You are in Makindye barracks for security reasons, court tells Kitata

Abdallah Kitata dismbarks a military truck at the court in Makindye, Kampala on Monday morning.

Court has rejected Boda Boda 2010 leader Abdallah Kitata’s request to be transferred back to Luzira prison  from Makindye Military Police Barracks where he says he doesn’t receive adequate  medical care and access to his relatives.

General Court martial chaiman, Lt Gen Gutti informed Kitata’s lawyer Shaban Sanywa that his client was transferred to Military police  barracks for security reasons and the decision cannot be revisited.

Lt Gen Gutti fixed  April 23, 2018 as the day to commence trial  of Kitata alongside 12 other suspects facing six counts including unlawful possession of firearms, live ammunitions, military head gears and uniforms  .

Lead prosecutor Maj. Rapheal Mugisha informed the 7-member court chaired by Lt. Gen Andrew Gutti that  the Chieftaincy of Military Intelligence had concluded investigations into the matter  and prosecution was ready to present witnesses.

Kitata on his part  faces five separate  charges of being in unlawful possession of an SMG gun, 3 pistols  and 50 bullets which prosecution  says  are  a monopoly of the UPDF.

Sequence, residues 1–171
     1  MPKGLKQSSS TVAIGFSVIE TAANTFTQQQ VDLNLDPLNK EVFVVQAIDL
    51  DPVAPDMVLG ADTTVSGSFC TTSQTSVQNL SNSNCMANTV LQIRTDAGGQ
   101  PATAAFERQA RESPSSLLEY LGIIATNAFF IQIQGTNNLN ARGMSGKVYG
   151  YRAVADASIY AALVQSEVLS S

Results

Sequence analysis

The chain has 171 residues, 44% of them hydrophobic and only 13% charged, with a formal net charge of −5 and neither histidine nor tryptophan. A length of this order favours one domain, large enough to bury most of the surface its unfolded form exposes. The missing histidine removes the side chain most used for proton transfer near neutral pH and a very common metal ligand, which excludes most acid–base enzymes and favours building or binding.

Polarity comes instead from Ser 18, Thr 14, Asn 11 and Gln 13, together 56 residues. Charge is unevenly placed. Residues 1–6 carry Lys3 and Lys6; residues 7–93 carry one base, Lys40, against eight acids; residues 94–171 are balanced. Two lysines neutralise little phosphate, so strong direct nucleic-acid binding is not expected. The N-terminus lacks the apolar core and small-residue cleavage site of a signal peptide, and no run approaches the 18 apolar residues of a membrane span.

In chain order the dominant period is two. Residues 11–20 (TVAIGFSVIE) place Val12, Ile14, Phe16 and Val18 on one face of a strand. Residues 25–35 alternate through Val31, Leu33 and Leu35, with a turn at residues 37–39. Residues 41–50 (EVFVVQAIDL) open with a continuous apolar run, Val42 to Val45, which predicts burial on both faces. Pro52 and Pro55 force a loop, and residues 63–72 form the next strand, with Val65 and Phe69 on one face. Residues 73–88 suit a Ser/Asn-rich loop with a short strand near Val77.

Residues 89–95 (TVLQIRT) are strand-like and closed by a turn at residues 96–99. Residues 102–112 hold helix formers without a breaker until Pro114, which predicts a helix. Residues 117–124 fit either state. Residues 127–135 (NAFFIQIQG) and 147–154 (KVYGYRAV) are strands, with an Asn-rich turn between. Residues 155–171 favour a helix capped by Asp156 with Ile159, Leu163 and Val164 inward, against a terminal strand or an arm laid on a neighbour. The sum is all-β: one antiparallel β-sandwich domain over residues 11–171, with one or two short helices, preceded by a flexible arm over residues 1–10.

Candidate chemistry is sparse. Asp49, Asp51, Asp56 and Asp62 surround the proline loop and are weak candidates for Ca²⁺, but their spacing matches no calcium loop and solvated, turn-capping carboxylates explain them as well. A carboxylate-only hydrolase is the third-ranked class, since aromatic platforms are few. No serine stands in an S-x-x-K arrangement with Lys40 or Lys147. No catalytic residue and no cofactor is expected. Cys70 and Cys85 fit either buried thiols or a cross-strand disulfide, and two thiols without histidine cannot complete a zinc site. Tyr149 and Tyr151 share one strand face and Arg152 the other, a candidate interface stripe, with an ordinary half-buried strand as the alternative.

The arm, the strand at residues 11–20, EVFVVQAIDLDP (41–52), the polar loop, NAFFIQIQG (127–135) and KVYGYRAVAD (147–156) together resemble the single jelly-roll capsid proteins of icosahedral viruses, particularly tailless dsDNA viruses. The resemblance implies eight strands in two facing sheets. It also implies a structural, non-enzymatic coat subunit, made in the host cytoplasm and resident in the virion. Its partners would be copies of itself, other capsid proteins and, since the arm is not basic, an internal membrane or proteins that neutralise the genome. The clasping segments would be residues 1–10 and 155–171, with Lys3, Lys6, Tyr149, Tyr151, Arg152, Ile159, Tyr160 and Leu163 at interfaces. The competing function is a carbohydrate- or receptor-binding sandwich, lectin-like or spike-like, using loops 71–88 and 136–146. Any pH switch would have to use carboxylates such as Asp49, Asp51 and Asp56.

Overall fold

The other suspects accused  of conniving with Kitata to unlawfully possess millitary headgears and uniforms that  were allegedly  found on  them  on January 18, 2018  in  a car at Vine Hotel in Wakaliga, Kampala.


The 12 accused have been sent back on remand at Luzira prison whereas Kitata has been remanded  in Makindye Millitary police  barracks until the date of commencement of trial.

Kitata and co-accused were first charged before the Military Disciplinary Unit at CMI headquarters in Mbuya, Kampala but were  later committed to the General Court Martial which has jurisdiction to try such capital offenses punishable by death and life sentences respectively .

Kitata and co-accused first refused to take plea before the military court arguing that they are not soldiers and therefore cannot be charged in a  military court. This prompted the court martial chairman Lt Gen Andrew Gutti on February 13 to remand the suspects to Luzira prison to allow defence lawyers more time to talk with their clients.

On February 27, the suspects, reappearing before the same court accepted to take plea.

Mr Sanywa, informed court then that his clients were willing to enter plea and be tried in the court.

Mr Sanywa even asked court to be availed with prosecution’s intended evidence and exhibits so that he can ably prepare his client’s defence.





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